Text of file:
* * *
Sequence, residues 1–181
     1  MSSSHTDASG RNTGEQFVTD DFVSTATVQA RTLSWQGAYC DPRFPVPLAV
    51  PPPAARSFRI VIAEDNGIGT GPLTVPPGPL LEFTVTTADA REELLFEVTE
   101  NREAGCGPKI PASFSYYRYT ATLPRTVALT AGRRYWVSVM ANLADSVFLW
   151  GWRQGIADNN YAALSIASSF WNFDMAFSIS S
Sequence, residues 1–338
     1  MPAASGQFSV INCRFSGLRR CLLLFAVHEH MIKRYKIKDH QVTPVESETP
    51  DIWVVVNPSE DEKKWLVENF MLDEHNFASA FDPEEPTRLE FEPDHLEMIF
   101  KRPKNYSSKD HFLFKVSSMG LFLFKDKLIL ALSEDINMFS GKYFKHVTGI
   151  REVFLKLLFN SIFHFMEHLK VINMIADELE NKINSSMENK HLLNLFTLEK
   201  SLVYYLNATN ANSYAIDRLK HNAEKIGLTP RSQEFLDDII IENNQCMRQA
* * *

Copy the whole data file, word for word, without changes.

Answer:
Sequence, residues 1–181
     1  MSSSHTDASG RNTGEQFVTD DFVSTATVQA RTLSWQGAYC DPRFPVPLAV
    51  PPPAARSFRI VIAEDNGIGT GPLTVPPGPL LEFTVTTADA REELLFEVTE
   101  NREAGCGPKI PASFSYYRYT ATLPRTVALT AGRRYWVSVM ANLADSVFLW
   151  GWRQGIADNN YAALSIASSF WNFDMAFSIS S
Sequence, residues 1–338
     1  MPAASGQFSV INCRFSGLRR CLLLFAVHEH MIKRYKIKDH QVTPVESETP
    51  DIWVVVNPSE DEKKWLVENF MLDEHNFASA FDPEEPTRLE FEPDHLEMIF
   101  KRPKNYSSKD HFLFKVSSMG LFLFKDKLIL ALSEDINMFS GKYFKHVTGI
   151  REVFLKLLFN SIFHFMEHLK VINMIADELE NKINSSMENK HLLNLFTLEK
   201  SLVYYLNATN ANSYAIDRLK HNAEKIGLTP RSQEFLDDII IENNQCMRQA